Matthew 7:3-5 Why do you look at the speck that is in your brother’s eye, but do not notice the log that is in your own eye? 4 Or how can you say to your brother, ‘Let me take the speck out of your eye,’ and behold, the log is in your own eye? 5 You hypocrite, first take the log out of your own eye, and then you will see clearly to take the speck out of your brother’s eye.
It seems more the rule than the exception that over the weeks or months I am counseling someone, she will at some point bring up an issue she is having with another person. Typically, she then proceeds to highlight all the ways that person has been wronging her. She may admit she plays a role in the issue, but all the details she shares points to the other person as the main troublemaker. However, the words of Jesus in Matthew 7 tell me that this is not just a VOH resident problem; this is a sinful human nature problem, and I too have been guilty of this hypocritical response. We all (myself included) are quick to see their blame, and slow to recognize our own.
Christ first uses hyperbole to help us see the ridiculousness of this sinful human tendency. He paints the picture with images not easily forgotten. Your friend has a small speck of dust bothering his eye. The dust is irritating, maybe cause of blinking or a few cleansing tears, but miniscule. You, on the other hand, have a gigantic problem with your vision, because you have a whole log in your eye obstructing your sight. The pain should be so overwhelming that you can focus on nothing else besides removing the log from your eye. The sheer size of the log (I don’t think we’re talking a sapling size trunk here) upsets your very balance and makes it impossible to really move let alone function. And yet, you do not even notice your poor balance, throbbing pain and faulty vision, because you are so eager to point out the dust to your friend and give him advice on how to take it out of his eye. When we think about this log and speck scenario, it is simply ridiculous for you with your log to worry about anyone’s speck. It is equally preposterous that your friend will believe you have any credibility in the matter because you are not applying to your advice to your giant log.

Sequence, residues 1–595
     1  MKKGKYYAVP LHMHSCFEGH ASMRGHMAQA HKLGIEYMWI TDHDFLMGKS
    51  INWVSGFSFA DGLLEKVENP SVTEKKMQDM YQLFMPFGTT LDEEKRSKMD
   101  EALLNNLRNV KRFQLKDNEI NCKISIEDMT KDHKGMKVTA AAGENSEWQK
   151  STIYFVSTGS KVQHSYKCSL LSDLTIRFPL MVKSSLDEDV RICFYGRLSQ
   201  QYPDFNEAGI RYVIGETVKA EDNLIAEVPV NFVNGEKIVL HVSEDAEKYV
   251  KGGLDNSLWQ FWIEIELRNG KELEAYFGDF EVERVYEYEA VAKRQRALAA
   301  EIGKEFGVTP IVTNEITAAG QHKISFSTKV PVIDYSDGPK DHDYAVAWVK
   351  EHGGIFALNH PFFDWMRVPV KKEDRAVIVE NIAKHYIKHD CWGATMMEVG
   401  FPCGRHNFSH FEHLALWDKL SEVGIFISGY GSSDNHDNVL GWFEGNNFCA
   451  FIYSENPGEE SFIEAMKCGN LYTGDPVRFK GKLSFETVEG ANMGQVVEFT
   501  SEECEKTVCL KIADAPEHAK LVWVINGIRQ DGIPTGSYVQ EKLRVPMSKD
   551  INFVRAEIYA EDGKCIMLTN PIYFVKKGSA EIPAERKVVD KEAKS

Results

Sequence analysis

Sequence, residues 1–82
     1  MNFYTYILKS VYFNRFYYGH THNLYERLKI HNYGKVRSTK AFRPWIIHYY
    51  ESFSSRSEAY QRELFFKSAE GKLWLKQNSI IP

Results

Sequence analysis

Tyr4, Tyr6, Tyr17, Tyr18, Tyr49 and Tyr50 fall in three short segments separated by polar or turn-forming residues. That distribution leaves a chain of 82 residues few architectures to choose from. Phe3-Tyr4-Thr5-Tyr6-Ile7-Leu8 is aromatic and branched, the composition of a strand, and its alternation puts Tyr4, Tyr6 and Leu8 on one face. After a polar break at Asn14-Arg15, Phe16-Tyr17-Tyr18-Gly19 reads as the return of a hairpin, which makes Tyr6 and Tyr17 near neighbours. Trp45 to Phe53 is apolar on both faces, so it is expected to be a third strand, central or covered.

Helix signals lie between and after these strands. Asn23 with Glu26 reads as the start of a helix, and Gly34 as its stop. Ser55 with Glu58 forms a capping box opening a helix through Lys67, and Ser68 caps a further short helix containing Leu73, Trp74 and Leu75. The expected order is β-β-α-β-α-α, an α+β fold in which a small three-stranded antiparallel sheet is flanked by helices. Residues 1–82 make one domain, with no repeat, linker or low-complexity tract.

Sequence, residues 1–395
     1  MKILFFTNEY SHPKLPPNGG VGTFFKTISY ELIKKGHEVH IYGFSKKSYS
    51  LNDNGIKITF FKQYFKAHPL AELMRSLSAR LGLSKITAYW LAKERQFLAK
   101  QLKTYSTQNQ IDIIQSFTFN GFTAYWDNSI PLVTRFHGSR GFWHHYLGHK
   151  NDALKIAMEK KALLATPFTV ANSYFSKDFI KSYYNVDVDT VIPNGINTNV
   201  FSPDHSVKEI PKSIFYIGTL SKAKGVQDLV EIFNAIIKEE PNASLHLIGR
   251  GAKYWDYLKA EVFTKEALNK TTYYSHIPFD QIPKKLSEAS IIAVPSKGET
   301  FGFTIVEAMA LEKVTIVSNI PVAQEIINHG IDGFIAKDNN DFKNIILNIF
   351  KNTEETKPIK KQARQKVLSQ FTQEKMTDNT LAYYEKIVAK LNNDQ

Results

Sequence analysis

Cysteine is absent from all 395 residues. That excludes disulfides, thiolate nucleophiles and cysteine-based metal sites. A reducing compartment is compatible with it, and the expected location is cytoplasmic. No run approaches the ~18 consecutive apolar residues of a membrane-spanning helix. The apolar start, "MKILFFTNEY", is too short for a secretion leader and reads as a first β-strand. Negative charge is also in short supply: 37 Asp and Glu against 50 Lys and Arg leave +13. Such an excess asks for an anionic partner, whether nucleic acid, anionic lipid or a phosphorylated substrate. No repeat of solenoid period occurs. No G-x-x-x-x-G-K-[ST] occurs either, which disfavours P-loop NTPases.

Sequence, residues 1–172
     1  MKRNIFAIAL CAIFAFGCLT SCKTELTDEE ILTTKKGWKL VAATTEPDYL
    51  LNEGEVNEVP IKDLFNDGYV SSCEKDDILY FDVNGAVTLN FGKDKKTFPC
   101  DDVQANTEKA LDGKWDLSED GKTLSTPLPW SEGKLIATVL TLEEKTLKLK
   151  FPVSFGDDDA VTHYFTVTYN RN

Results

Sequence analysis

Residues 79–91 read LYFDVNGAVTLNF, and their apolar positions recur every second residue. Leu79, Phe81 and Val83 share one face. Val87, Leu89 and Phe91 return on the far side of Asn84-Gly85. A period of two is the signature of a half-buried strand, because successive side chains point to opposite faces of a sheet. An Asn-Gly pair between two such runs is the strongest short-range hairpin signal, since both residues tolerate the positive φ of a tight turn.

While we can easily agree that the scenario above is laughable, we are slow to take our sin as seriously as a log stuck in our eye. We excuse, justify and minimize our own sin, blaming it on people or circumstances while simultaneously making our brother’s speck out to be as big as the trunk of a redwood.
Focus on seeing and then removing your log. Ask yourself how you might have contributed to the last conflict you faced. Consider what unrighteous patterns of thinking, speech or behavior you bring to the relationships you find difficult. Before you confront another, carefully evaluate your own response. Don’t continue living with the log in your eye. Instead, take the energy you use to point out others’ specks and direct that energy at confessing and turning from your own sin.